SOCKET PRESERVATION THERAPY

Socket Preservation Therapy

Some Treatments for Gum Disease are Surgical. Some Examples are:

Socket preservation therapy is a procedure in which graft material or scaffold is placed in the socket of an extracted tooth at the time of extraction to preserve the alveolar ridge. After extraction, jawbones have to be preserved to keep sockets in its original shape. Without socket preservation, the bone quickly resorbs. The jaw bone will never revert to its original shape once the bone is lost and tissue contour has changed.

Socket preservation differs from ridge augmentation in socket preservation, the graft or scaffold is placed inside the tooth socket immediately after extraction, whereas the ridge augmentation grafting procedure is done to bring back the lost bone after the bone has resorbed and there is insufficient ridge height or width for the further treatment procedure.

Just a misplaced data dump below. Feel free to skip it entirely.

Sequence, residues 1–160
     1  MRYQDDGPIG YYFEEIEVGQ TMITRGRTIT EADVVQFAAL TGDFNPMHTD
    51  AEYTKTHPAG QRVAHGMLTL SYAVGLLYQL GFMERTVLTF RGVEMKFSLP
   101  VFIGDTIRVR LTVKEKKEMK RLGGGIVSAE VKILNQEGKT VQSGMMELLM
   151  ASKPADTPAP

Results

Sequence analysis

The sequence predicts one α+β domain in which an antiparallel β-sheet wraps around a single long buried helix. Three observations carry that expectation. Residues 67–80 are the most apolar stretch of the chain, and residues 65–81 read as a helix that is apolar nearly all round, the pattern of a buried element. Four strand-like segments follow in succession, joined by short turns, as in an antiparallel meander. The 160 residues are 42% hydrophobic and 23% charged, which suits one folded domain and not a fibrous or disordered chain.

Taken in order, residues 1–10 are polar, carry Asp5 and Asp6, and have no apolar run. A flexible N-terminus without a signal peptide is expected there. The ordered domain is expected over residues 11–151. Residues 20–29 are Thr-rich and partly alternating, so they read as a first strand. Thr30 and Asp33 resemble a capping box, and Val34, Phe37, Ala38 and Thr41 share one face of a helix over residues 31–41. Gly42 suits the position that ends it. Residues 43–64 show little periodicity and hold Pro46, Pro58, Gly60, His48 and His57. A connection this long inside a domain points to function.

Benefits

Socket preservation procedure prevents immediate bone resorption after extraction thus keeping the contour and integrity of the socket with a successful and natural-looking appearance for tooth restorative procedures. All dental prosthesis requires good jaw bone support for it to be successful in the long run. Without socket preservation, residual bones could lose volume resulting in loss of facial vertical and horizontal dimensions and changes in facial soft tissues' aesthetics.

Types of materials that could be used for socket preservation

  • Autograft – bone harvested from patient’s own body.
  • Xenograft – bone grafts or collagen from bovine origin.
  • Allograft – irradiated block bone graft from cadaver.
  • Alloplast – synthetic biomaterials such as plga, hydroxyapatite, tricalcium phosphate, bioglass – ceramics etc.
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